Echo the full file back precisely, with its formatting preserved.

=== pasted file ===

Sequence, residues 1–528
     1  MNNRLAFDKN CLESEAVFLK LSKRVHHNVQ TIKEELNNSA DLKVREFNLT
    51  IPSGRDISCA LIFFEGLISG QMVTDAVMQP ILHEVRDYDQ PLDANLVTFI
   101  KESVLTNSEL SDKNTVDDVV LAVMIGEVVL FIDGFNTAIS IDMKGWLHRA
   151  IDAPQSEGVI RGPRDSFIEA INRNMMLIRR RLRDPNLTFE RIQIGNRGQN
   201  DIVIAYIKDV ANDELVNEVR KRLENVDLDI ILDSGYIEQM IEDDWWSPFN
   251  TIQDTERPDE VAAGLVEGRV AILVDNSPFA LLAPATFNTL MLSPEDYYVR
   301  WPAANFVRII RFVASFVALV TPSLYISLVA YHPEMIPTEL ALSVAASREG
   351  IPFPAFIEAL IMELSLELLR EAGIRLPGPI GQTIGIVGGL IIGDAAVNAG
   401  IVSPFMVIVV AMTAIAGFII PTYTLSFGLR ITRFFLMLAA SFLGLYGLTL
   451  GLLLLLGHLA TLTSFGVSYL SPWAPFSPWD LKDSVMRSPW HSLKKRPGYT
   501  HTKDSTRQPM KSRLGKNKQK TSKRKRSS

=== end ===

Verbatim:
Sequence, residues 1–528
     1  MNNRLAFDKN CLESEAVFLK LSKRVHHNVQ TIKEELNNSA DLKVREFNLT
    51  IPSGRDISCA LIFFEGLISG QMVTDAVMQP ILHEVRDYDQ PLDANLVTFI
   101  KESVLTNSEL SDKNTVDDVV LAVMIGEVVL FIDGFNTAIS IDMKGWLHRA
   151  IDAPQSEGVI RGPRDSFIEA INRNMMLIRR RLRDPNLTFE RIQIGNRGQN
   201  DIVIAYIKDV ANDELVNEVR KRLENVDLDI ILDSGYIEQM IEDDWWSPFN
   251  TIQDTERPDE VAAGLVEGRV AILVDNSPFA LLAPATFNTL MLSPEDYYVR
   301  WPAANFVRII RFVASFVALV TPSLYISLVA YHPEMIPTEL ALSVAASREG
   351  IPFPAFIEAL IMELSLELLR EAGIRLPGPI GQTIGIVGGL IIGDAAVNAG
   401  IVSPFMVIVV AMTAIAGFII PTYTLSFGLR ITRFFLMLAA SFLGLYGLTL
   451  GLLLLLGHLA TLTSFGVSYL SPWAPFSPWD LKDSVMRSPW HSLKKRPGYT
   501  HTKDSTRQPM KSRLGKNKQK TSKRKRSS